For f--k's sake, people

(Obviously, this will contain some language.) Generally, newspapers have a policy against printing profanity, with the exception of a quote that is exceptionally newsworthy. (Usually a public figure cursing at someone else in public, such as Dick Cheney's famous "Go fuck yourself" to Sen. Patrick Leahy in the Senate.)

Although I think these rules tend to err of the stodgy side, in a publication intended for a mass audience, I understand the need to be as inoffensive as possible so as not to lose readers.

Usually, if a quote contains profanity but the reporter wants to use it, the profanity will be replaced with some sort of typographical fix. So when Cheney said "Go fuck yourself," some newspapers reported it with something like this:

Cheney replied with a profanity.

"Go ... yourself," he said.

Or like this:

Cheney replied with a profanity.

"Go --- yourself," he said.

I don't quite get this. If you think it is important enough to say that the person cursed at someone, then why don't you think it is important enough to report what they said? The reader is left to guess about the degree of the obscenity and is probably left playing fill in the blank. (It's fairly obvious in this quote, but what about something like "That's ... ridiculous." Lots of naughty words fit there.)

But sometimes, newspapers print something stupid like this:

Cheney replied with a profanity.

"Go f--k yourself," he said.

I saw an example of  this in a newspaper recently (different profanity and context, but it was a quote of one elected official speaking to another in public), and I literally said, "Come on!" loud enough to draw attention from those around me at the breakfast place I was eating at.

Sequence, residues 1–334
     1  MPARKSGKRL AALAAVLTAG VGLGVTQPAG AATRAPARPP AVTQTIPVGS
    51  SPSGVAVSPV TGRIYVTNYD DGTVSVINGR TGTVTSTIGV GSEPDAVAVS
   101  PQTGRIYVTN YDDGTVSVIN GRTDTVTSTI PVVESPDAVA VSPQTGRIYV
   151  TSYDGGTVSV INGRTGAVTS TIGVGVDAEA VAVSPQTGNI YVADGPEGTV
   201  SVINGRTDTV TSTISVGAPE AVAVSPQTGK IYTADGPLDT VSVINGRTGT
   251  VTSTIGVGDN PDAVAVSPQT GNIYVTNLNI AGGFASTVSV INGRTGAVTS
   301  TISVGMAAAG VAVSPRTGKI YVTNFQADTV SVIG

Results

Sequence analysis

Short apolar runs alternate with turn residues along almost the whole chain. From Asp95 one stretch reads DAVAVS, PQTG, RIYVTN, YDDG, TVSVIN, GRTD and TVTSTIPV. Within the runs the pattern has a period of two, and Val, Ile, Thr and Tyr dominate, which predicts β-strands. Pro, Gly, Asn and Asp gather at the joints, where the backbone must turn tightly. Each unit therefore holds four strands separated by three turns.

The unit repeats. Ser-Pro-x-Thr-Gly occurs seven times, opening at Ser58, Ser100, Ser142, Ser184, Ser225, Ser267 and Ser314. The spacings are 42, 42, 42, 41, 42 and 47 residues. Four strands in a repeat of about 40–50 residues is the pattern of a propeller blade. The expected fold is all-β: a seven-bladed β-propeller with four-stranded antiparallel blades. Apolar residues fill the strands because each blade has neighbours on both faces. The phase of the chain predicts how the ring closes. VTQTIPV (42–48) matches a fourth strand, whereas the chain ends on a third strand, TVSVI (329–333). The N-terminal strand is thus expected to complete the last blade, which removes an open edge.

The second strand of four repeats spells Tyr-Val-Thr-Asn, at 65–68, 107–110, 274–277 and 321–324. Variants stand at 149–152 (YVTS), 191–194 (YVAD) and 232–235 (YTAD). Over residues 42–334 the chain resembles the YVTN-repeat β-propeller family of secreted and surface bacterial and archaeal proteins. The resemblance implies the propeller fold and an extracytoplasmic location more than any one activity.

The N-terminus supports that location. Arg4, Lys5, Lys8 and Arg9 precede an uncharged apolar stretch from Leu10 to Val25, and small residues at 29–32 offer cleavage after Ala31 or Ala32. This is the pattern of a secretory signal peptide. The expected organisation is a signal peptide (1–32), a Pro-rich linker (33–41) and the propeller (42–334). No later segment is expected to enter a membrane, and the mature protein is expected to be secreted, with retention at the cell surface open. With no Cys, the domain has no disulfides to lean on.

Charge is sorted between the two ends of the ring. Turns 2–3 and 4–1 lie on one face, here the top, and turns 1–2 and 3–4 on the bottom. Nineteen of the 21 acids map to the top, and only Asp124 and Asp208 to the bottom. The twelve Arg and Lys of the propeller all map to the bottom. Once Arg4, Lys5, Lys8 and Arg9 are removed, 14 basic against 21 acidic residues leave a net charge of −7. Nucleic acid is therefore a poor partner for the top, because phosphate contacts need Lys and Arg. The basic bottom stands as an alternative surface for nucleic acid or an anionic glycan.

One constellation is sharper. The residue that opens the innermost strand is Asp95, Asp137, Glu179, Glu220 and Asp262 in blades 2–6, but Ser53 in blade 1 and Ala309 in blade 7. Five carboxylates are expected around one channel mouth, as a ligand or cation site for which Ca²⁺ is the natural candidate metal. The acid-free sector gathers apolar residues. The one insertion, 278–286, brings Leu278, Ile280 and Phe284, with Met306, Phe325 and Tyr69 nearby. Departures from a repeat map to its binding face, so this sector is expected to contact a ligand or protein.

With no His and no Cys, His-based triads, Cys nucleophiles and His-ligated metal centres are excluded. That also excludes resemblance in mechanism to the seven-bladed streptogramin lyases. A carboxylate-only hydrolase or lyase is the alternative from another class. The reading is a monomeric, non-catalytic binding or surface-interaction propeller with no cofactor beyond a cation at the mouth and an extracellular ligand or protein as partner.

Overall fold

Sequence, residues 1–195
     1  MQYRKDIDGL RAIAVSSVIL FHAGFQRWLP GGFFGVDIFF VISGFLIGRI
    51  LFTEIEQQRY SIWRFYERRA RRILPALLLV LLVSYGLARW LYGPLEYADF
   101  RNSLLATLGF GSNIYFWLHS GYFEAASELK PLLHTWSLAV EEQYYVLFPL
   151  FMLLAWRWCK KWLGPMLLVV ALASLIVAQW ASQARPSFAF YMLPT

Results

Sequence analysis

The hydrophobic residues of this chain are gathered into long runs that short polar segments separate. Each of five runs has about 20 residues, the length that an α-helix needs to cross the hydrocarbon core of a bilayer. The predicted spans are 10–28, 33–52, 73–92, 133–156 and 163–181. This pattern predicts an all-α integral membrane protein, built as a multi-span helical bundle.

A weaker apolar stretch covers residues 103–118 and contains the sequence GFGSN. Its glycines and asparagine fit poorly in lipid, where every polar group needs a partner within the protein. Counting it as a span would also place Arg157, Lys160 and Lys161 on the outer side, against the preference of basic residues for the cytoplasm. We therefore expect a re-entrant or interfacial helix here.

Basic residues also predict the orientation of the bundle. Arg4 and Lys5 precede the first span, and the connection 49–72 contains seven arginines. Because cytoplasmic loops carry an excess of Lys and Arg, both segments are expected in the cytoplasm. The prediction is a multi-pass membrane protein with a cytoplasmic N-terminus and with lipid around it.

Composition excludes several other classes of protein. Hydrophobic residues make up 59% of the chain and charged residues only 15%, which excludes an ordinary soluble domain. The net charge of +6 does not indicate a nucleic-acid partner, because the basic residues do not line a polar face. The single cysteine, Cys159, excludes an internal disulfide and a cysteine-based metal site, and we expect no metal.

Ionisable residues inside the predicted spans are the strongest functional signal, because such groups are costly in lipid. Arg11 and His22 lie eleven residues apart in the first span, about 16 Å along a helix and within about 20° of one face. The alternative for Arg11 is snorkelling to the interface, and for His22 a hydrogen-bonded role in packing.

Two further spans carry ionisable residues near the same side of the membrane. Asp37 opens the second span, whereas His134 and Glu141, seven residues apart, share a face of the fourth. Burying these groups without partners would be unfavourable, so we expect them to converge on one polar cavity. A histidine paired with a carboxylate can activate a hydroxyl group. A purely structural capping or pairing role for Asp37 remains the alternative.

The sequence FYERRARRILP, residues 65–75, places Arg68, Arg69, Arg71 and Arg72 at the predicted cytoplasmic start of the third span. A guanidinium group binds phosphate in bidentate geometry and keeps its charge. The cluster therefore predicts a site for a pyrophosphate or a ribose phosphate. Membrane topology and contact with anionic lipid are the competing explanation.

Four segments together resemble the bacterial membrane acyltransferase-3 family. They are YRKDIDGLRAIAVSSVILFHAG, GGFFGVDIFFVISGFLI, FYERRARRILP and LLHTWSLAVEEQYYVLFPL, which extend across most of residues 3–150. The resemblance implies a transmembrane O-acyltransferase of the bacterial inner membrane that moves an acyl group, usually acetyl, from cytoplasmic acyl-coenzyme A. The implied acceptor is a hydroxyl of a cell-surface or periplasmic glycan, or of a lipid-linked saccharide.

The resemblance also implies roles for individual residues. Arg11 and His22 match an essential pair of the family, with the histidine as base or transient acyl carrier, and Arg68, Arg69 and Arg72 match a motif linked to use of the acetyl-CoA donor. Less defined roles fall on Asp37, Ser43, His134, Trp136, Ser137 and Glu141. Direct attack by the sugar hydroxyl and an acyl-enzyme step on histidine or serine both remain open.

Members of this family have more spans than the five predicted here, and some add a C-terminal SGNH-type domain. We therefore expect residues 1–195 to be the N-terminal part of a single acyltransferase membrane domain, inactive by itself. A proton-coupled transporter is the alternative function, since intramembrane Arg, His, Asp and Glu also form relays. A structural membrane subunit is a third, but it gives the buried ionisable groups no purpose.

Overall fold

This is the worst way to handle profanity. You are trying to act like you care about your readers' sensitivities, but really, you're just insulting their intelligence. The argument I have heard for "f--k" or "s--t" or whatever is that it is to protect kids. But readers don't sit around discussing newspaper ethics or policies or reading our handbooks. They don't know why you just took out the middle letters, and they'll probably think the newspaper thinks they are too dumb to figure out what the word is.

And even if the policy is understood -- and even if a child young enough to protect from swearing is actually reading an article about politics -- all this will do is make the kid go to his parents and ask what it means.

Leaving aside whether or not kids need to be protected from cursing, I think that a kid reading something like that gives a parent the opportunity to talk about what is and isn't acceptable behavior, whether you are a 10-year-old or a vice president.

Quoting a powerful figure telling another powerful figure to go fuck himself is not gratuitous use of profanity. It's just news.

But if your policy is to not print profanity except in extreme cases, and you judge that something is not extreme, then leave it out entirely, or at worst, take the word out using ellipses or dashes or whatever. Don't just take out the middle letters. It's a gutless way to deal with the issue.